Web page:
Court rejects Black Texas death row inmate’s race bias claim
WASHINGTON (AP) — A divided Supreme Court on Tuesday rejected an appeal from a Black Texas death row inmate who argued he didn’t get a fair trial because jurors who convicted him objected to interracial marriage.
The court’s three liberal justices dissented from the court’s order turning away the appeal from inmate Andre Thomas. He was sentenced to death for killing his estranged wife, who was white, and two children in 2004.
“No jury deciding whether to recommend a death sentence should be tainted by potential racial biases that could infect its deliberations or decision, particularly where the case involved an interracial crime,” Justice Sonia Sotomayor wrote. Justices Elena Kagan and Ketanji Brown Jackson joined Sotomayor’s opinion.
On the all-white jury were three people who expressed their disapproval of interracial marriage, including one who wrote on a questionnaire “I think we should stay with our Blood Line.”
Thomas’ trial lawyer did not seek to prevent the three people from serving on the jury, and didn’t even question two of the three about their views, Sotomayor wrote. One juror said he could be fair in spite of his views.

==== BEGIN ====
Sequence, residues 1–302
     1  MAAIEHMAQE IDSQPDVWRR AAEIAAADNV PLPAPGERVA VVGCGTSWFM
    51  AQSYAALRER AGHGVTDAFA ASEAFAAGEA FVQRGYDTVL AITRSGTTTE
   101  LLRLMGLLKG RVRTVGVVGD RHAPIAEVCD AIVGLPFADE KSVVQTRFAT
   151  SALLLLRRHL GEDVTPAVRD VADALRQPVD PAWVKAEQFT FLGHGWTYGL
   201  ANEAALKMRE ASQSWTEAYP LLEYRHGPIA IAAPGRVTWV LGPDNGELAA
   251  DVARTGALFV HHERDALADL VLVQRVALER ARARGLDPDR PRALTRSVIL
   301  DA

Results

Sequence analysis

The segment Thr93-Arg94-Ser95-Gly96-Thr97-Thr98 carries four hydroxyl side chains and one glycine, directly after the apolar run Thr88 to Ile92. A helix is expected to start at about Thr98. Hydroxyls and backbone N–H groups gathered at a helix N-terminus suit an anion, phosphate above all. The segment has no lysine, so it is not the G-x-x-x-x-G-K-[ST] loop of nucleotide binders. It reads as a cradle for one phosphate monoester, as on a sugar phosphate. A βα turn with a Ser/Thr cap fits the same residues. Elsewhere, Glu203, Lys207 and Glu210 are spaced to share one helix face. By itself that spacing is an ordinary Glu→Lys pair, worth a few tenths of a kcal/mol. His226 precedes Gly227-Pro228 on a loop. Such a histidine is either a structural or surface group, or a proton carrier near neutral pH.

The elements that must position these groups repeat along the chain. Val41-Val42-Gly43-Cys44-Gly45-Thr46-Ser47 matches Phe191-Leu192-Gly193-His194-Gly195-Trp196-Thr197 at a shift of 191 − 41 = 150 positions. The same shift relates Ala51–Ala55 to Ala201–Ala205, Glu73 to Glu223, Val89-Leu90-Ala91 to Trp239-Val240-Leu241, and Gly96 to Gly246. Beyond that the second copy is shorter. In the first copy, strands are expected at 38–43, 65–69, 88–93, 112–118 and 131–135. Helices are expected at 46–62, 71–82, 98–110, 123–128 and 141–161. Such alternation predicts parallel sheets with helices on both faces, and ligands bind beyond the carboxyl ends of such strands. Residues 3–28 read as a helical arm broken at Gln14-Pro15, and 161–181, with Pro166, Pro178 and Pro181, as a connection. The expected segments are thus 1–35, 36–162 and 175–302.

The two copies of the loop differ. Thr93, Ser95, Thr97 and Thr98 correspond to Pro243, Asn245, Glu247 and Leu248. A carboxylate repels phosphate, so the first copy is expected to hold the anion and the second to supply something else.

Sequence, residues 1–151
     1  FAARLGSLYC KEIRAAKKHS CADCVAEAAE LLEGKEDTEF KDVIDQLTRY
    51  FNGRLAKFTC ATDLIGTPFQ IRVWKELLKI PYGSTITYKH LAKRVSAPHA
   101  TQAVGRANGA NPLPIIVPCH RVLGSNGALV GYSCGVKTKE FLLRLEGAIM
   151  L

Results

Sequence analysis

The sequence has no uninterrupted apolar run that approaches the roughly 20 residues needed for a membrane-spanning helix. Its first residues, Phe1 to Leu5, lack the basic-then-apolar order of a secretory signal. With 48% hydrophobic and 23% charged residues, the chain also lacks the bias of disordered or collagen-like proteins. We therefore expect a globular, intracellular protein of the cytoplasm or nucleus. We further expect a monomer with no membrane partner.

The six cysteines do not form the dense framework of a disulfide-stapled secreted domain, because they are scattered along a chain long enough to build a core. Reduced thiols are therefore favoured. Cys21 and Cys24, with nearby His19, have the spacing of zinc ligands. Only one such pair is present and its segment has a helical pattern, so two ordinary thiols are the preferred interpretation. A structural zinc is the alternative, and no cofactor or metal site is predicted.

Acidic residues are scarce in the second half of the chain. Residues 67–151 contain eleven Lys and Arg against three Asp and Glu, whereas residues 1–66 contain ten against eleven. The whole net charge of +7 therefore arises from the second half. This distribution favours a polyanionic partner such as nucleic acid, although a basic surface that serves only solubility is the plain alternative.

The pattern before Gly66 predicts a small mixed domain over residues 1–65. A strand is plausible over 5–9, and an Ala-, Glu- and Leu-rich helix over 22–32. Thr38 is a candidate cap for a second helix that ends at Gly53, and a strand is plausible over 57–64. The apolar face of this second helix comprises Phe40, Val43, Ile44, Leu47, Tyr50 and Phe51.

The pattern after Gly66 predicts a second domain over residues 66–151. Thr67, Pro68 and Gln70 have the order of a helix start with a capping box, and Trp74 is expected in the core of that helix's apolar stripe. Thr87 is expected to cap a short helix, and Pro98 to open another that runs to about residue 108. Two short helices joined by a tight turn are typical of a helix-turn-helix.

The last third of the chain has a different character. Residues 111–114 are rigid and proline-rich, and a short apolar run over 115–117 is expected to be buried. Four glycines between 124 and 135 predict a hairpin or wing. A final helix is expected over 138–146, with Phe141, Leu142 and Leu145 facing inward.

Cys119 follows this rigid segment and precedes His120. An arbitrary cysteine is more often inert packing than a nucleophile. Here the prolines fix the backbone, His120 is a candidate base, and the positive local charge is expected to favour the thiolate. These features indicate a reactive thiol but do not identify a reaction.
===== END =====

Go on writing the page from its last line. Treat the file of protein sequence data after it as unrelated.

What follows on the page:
Sotomayor wrote that Thomas’ conviction and death sentence should be overturned.
The 5th U.S. Circuit Court of Appeals had earlier rejected Thomas’ claim that his lawyer failed to provide competent representation.
Courts had earlier rejected appeals from Thomas’ lawyers that Thomas should not be executed because he is mentally ill.
He confessed to killing his estranged wife, Laura Christine Boren, 20, their son, Andre Lee, 4, and her 13-month-old daughter, Leyha Marie Hughes, in 2004. Thomas said God had told him to commit the killings. The victims were stabbed and had their hearts ripped out.
Five days later in jail he plucked out one of his eyes. While on death row in 2009, he removed his remaining eye and told prison officials he ate it.
Thomas does not have an execution date.